2 copies: $30.00, postage paid. This means you receive the second copy for your witnessing outreach for only $10.00.

10 copies: $100.00, postpaid. This means that you receive 50% discount.

30 copies (one case): $190.00, postpaid. This means that you pay only about $6.30 per copy when ordering by the case.



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"It has been a real delight for me to read through Wine in the Bible. . . .What my own research has done for the Old Testament scriptures, Dr. Bacchiocchi has done for the New Testament. He has done a thorough and convincing job of examining the actual truths of the Biblical teaching on this subject."

Robert P. Teachout, Th.D., Professor of Old Testament,
Author of doctoral dissertation on
"The Use of ‘Wine’ in the Old Testament."

"Wine in the Bible offers a fresh Biblical approach to the whole subject of drinking wine . . . No study of this subject will be complete without examining the careful research of this book."

John F. Walvoord, Ph. D., Chancellor,

"I am greatly impressed with Wine in the Bible. It reveals profound scholarship which I hope will do much good."

Stephe M. Reynold, Ph. D., Priceton Theological Seminary
Author of ALCOHOL AND THE BIBLE, and THE BIBLICAL APPROACH TO ALCOHOL Contributing translator to the NIV

"Wine in the Bible provides valuable research that is not commonly known. It contain much handy reference information to answer the alcohol proponents."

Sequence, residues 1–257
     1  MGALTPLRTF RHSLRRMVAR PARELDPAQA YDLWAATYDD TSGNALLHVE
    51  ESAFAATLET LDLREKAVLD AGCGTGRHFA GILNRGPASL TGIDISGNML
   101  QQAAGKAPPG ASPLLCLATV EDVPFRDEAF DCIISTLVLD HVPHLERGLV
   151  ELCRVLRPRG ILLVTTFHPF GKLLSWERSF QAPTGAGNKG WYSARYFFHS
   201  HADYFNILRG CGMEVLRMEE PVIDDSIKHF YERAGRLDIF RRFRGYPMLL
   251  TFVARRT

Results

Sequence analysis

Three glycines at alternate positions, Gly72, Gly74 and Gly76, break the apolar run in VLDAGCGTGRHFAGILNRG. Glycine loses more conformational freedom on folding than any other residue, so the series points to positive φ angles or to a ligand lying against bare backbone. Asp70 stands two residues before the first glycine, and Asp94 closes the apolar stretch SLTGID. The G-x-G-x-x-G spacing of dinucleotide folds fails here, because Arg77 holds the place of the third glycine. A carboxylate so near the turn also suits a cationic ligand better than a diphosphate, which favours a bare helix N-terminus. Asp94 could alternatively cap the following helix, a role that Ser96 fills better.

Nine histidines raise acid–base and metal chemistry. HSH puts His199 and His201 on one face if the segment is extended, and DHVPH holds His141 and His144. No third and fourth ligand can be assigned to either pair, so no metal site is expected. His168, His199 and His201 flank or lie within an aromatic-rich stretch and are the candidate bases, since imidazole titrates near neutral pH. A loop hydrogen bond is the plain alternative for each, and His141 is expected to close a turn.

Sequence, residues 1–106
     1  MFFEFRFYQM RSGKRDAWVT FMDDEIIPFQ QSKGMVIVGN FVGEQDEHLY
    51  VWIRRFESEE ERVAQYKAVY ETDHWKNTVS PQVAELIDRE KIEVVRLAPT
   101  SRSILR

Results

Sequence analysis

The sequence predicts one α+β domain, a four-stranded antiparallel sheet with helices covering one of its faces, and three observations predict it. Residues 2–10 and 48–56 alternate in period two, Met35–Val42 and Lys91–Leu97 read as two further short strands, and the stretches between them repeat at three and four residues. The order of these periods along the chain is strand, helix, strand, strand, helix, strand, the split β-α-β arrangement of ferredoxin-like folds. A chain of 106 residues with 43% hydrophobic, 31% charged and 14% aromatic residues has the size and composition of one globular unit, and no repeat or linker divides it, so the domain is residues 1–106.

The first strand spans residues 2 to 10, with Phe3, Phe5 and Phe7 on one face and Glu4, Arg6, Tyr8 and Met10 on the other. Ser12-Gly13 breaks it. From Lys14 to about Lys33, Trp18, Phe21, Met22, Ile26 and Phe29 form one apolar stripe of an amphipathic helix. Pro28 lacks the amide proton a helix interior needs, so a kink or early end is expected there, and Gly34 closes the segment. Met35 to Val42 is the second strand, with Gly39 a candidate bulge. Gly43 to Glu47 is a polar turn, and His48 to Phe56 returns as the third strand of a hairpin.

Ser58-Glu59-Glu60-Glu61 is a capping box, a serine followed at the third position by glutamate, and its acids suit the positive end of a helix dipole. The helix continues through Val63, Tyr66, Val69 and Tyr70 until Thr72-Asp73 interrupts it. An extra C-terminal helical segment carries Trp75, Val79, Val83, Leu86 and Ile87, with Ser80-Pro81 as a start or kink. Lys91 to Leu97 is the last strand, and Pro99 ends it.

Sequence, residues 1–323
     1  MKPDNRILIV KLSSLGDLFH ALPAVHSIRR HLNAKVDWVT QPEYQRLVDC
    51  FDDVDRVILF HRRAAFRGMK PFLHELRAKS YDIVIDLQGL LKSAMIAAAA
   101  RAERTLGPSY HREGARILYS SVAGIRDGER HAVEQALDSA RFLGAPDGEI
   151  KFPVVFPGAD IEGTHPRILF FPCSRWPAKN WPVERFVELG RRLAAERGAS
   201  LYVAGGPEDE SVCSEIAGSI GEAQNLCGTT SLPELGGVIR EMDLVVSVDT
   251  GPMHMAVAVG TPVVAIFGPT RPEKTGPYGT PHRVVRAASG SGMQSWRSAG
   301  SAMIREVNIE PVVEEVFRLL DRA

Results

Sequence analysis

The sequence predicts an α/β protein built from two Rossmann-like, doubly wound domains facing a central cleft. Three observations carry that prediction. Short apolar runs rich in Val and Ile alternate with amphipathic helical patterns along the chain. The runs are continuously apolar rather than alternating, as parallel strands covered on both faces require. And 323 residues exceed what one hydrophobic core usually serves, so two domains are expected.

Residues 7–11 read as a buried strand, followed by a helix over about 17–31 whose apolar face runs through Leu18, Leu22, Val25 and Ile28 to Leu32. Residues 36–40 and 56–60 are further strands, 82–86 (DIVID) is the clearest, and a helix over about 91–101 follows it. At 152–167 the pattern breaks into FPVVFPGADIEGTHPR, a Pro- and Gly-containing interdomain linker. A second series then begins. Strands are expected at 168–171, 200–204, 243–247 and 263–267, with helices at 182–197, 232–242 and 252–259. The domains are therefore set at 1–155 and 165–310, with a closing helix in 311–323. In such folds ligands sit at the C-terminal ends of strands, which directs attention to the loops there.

E. Claude Gardner, Chancellor

"I found Wine in the Bible a most helpful research ... I appreciate the thoroughness with which are handled various pertinent passages. I consider this to be a good source book for preachers and church workers."

Thomas E. Friskney, Ph. D., Chairman of Biblical Stidies

"Wine in the Bible offers the most convincing case that I have seen for the principle of abstinence from alcoholic beverages. It explodes the commonly held assumption that all references to wine refer to the fermented product."

Bishop Jack M. Tuell, President of the Council of Bishops of the United Methodist Church

"Wine in the Bible presents a compelling case that the Biblical position is total abstinence."

John A. Witmer, Bibliotheca Sacra

"Wine in the Bible is a challenging presentation of the biblical arguments for total abstinence."

Wayne Mueller, Ph. D., Professor of New Testament,

"The clear definitions and lucid outlines of Wine in the Biblechallenge each reader to rethink his or her positions. This study should benefit students, church leaders and theologians."

John J. Kiwiet, Ph. D., Prof. of Historical Theology,

"Wine in the Biblemakes a valuable contribution to the understanding of the Biblical teaching on drinking. . . It should be seriously considered by those who respect the authority of Scripture."

Bruce. C. Stewart, Ph. D., President,


Thank you for taking time in your busy schedule to read this lengthy newsletter. If these Bible studies enrich your understanding and experience of Biblical truths, be sure to invite your friends to subscribe. All what they need to do is to email me a request at: <> As a result of your promotional endeavors over 11,000 people are already benefiting from these Bible studies.

Contact Information

Samuele Bacchiocchi, Ph. D.
Retired Professor of Theology and Church History
Andrews University
4990 Appian Way, Berrien Springs, MI 49103

Phone (269) 471-2915 Fax (269) 471-4013
Web site: